HarperCollins Publishers Australia

‘I wanted to give a sense of the people of the book, the different hands that had made it, used it, protected it. I wanted it to be a gripping narrative, even suspenseful.’ So says Hanna Heath, protagonist of Geraldine Brooks’s latest novel, about her search through time and place for the history of ‘the Sarajevo Haggadah’, the ‘Book’ of the title ...

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Angel Puss by Colleen McCullough

by
February 2005, no. 268

Ugh: today I realised Colleen McCullough’s latest book (her fifteenth), Angel Puss, which ABR sent to me several weeks ago, needs to be read, reviewed and dispatched by January 3. The dust jacket précis reveals that this novel is ‘exhilarating’ and ‘takes us back to 1960 and Sydney’s Kings Cross – and the story of a young woman determined to defy convention’ ...

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These three memoirs share central focus on fathers: Gaby Naher’s is a meditation on fatherhood, Shirley Painter’s is about surviving an abusive one, while Cliff Nichols’s relates his life as an alcoholic and unreliable parent. They are also all part of the current flood of life-writing appearing from Australian publishing houses. Drusilla Modjeska, writing recently about the failings of contemporary fiction, argued that creative writing courses since the 1980s have produced a spate of postmodern first novels that were ‘tricksy and insubstantial’, deconstructing narrative at the expense of well-developed plots and characters. These courses may also account for much of the current memoir boom, feeding the demands of our voyeuristic culture. But publishers have a responsibility to readers to tame the genre’s self-revelatory excesses.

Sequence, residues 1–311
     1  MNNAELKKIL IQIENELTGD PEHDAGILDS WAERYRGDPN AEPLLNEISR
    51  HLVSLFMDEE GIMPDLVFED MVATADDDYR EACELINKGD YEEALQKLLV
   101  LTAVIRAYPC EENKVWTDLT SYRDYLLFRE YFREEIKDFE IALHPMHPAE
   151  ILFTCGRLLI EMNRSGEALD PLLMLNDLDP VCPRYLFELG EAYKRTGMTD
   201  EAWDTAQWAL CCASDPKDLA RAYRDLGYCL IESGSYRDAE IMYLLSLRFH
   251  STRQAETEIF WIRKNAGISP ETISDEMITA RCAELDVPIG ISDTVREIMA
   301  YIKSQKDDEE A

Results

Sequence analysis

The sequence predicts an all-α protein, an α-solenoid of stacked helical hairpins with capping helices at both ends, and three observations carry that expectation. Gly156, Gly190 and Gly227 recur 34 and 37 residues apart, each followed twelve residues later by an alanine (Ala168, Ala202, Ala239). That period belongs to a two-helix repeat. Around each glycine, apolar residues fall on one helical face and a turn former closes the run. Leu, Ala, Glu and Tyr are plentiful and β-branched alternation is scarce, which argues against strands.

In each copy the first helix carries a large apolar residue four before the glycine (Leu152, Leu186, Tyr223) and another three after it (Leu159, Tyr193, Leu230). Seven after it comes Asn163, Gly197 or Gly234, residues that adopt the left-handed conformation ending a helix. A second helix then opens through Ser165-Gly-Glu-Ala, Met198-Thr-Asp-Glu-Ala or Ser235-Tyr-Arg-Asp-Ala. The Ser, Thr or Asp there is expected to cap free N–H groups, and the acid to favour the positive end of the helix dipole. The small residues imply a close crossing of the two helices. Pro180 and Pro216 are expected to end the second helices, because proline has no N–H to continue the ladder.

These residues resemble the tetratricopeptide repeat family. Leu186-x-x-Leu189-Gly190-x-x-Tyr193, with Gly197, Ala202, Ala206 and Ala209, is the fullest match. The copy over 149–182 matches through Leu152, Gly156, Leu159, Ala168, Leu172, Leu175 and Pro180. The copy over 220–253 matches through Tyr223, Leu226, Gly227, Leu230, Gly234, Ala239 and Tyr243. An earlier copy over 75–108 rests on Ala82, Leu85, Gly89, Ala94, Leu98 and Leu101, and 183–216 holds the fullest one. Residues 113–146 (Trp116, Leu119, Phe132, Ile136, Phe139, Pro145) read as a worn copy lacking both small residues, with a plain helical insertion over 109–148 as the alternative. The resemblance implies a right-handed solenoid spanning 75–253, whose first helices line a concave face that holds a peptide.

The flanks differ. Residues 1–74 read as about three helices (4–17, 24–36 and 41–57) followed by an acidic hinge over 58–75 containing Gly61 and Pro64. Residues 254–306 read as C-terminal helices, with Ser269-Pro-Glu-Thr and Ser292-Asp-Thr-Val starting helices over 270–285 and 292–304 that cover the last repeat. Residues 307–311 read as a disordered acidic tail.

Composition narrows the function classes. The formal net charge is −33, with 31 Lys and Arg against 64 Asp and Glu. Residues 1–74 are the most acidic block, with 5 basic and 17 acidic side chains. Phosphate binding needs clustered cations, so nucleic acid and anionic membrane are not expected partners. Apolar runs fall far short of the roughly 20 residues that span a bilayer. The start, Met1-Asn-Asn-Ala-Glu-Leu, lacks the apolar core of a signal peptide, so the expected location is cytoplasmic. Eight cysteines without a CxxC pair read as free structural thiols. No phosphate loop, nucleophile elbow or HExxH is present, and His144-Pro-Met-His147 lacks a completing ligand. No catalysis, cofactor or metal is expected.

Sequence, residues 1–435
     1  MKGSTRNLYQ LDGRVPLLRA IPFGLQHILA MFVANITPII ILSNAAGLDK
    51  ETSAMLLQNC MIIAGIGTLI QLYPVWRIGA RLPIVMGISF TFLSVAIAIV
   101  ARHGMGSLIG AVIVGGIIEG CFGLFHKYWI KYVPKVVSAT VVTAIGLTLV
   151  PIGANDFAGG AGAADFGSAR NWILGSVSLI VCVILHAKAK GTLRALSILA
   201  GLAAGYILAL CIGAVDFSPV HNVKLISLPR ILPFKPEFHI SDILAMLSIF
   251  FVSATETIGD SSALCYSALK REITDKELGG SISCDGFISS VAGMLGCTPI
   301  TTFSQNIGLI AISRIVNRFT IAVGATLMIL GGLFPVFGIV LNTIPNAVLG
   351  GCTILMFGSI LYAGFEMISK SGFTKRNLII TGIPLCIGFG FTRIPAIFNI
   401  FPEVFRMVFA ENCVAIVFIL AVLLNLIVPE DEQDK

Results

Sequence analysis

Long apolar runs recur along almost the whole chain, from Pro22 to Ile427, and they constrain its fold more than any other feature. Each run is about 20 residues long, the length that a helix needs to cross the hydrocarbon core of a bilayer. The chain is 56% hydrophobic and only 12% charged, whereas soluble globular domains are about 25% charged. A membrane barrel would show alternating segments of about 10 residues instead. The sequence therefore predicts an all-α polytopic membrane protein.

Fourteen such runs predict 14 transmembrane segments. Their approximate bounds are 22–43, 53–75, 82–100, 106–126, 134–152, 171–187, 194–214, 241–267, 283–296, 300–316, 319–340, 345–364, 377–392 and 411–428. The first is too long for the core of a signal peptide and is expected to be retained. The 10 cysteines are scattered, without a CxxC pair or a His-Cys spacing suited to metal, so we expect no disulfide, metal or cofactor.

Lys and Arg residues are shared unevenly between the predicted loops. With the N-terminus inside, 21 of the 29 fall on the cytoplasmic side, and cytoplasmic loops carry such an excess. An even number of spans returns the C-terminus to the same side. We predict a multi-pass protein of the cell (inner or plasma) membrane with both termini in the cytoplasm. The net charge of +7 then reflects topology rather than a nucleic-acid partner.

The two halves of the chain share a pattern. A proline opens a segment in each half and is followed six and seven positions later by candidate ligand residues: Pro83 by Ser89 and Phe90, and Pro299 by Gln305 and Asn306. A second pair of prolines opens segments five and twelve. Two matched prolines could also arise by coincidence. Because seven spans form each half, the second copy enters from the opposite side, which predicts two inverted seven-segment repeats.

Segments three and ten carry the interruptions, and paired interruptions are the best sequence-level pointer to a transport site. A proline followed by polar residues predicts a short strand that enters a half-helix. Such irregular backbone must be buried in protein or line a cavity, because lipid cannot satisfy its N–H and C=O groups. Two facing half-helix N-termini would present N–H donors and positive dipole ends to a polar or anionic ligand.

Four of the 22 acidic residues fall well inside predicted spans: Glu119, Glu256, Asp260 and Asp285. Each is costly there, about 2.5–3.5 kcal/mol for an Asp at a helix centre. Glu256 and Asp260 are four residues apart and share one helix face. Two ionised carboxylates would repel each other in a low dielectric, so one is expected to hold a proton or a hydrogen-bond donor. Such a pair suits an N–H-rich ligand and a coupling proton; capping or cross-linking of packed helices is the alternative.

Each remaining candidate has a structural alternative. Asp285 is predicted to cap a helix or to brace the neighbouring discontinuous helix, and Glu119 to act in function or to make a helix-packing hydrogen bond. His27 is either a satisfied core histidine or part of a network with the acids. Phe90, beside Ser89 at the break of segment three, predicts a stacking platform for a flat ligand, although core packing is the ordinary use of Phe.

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‘AT NIGHT,’ wrote Charmian Clift one summer in the late 1950s on the Greek island of Hydra where she lived with her husband and children, where the harbour village had been invaded by summer tourists, where teams of local Greek matrons invaded the kitchen in relays to monitor the foreign woman’s housework and mothering techniques ...

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The cover of David Tacey’s earlier book on Australian spirituality, Edge of the Sacred, showed a few parched branches sticking out of the sand. The cover of this one is quite different: billowing clouds, rocks, water, lilac sunset colours. You might think that a certain blossoming had taken place; that Tacey’s project – the spiritualising of ‘secular’ Australia – had been wonderfully realised. On the other hand, the luscious hues of ReEnchantment’s cover may place the book more firmly still in the realms of fantasy – a genre that also happens to be popular with Tacey’s publisher, HarperCollins.

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If Antonella Gambotto hadn’t been sued by Cliff Richard early on in her career, would she have later described Kylie Minogue as ‘a charmlessly robotic dwarf’ under the impression of being an ‘incandescent, gifted and alluring siren’? Perhaps not. It seems it was Cliff, the 50,000 pounds and the resulting barrow-loads of letters that convinced Gambotto of the value of opinion pieces: people react.

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